Message from the Director


Larry Hinzman,
IARC Director

Working with Arctic research scientists throughout the world to improve our understanding of the Arctic System

IARC was established to promote international cooperation in an effort to integrate and synthesize Arctic climate change research. It is a place where scientists from around the world work together to study Arctic climate change, where we explore the causes of Arctic climate change and try to reduce uncertainty in our predictions of the future Arctic environment and the impacts upon northern societies.  The magnitude of the challenges we face in attempting to characterize and quantify our changing climate, the drivers, the thresholds, and the feedbacks are too great for any single institution, or even nation, to resolve.  IARC strives to facilitate collaboration and cooperation among US and international research scientists and engineers to resolve problems for the benefit of our global society.

IARC is focused upon creating and maintaining international collaborations.  We have strong collaborative relationships with research institutions in Canada, Germany, Japan, Norway, Russia, and Sweden.  These partnerships have helped advance our nation’s ability to understand the processes associated with a changing climate and will improve our adaptive capacity.  IARC is helping to prepare an international workforce to address these challenges.   We host one or two summer schools annually for advanced graduate students and post-doctoral fellows to better train researchers in the complex interconnections among the many disciplines that play a role in climate dynamics.  We also facilitate professional development workshops for pre-college teachers to help them engage their students in Earth-system-science research.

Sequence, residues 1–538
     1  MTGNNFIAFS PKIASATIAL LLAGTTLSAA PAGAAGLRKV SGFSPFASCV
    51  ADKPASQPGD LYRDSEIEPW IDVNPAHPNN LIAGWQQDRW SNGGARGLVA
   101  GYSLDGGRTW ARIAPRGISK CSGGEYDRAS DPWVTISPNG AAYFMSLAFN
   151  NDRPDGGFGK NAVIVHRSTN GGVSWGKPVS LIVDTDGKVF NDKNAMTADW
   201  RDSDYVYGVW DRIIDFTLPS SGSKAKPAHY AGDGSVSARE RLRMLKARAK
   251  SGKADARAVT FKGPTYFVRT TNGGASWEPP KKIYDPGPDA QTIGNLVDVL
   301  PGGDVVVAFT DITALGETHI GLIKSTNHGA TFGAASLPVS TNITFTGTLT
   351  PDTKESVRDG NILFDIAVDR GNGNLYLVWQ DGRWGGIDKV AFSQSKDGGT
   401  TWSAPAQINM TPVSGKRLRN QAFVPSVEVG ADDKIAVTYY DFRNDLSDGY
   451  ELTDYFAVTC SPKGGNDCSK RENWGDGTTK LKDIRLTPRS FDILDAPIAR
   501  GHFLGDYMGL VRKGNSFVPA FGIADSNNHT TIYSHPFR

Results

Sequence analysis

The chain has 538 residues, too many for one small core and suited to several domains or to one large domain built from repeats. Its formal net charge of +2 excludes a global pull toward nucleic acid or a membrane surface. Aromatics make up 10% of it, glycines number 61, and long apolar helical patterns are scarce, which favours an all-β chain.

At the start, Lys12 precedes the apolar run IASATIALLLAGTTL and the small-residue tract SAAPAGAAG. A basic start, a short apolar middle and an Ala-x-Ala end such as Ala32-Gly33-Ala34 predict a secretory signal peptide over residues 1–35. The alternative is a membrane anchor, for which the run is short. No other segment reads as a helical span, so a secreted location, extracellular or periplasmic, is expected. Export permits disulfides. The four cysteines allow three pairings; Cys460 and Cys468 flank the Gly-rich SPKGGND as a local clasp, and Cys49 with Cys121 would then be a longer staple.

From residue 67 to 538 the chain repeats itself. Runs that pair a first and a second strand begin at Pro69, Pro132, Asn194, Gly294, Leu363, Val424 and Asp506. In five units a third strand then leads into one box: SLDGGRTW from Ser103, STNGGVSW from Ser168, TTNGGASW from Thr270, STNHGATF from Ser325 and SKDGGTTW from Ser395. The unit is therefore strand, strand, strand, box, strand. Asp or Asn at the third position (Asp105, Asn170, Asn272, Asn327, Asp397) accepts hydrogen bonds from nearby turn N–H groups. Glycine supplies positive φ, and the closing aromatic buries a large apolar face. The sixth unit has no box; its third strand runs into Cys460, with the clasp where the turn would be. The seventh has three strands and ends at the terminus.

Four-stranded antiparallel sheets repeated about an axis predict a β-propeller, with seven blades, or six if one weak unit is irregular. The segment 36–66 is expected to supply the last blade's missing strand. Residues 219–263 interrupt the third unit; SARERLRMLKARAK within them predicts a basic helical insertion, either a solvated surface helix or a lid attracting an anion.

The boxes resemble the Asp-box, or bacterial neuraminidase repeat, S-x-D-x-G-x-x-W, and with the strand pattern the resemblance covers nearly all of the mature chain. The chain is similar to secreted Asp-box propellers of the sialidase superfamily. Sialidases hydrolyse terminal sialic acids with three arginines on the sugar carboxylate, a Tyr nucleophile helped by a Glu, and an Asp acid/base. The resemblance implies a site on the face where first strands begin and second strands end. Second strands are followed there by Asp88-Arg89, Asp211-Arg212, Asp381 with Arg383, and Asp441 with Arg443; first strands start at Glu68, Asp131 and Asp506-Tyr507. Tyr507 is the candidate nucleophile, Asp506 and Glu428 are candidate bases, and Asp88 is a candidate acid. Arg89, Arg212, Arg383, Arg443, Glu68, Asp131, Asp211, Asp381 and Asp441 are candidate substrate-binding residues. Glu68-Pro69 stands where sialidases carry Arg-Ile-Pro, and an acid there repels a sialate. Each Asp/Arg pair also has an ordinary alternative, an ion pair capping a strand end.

Additionally, we convene six to eight international workshops annually to synthesize the state of the art knowledge that is distributed across the globe to yield integrated assessments of contemporary scientific issues.

In order to pursue this unique role of comprehensive integration, the National Science Foundation (NSF) and the Japan Agency for Marine-Earth Science and Technology (JAMSTEC), the National Oceanic and Atmospheric Administration (NOAA), the Japan Aerospace Exploration Agency (JAXA), and others are currently funding IARC researchers.

This web page provides details of all the IARC projects, including the educational outreach projects that also have international dimensions. It is our hope that these efforts to integrate scientific results will grow throughout the Arctic scientific community and beyond.

I welcome your comments and suggestions and hope you will join our efforts to develop a more complete understanding of the Arctic.

Larry Hinzman, Director

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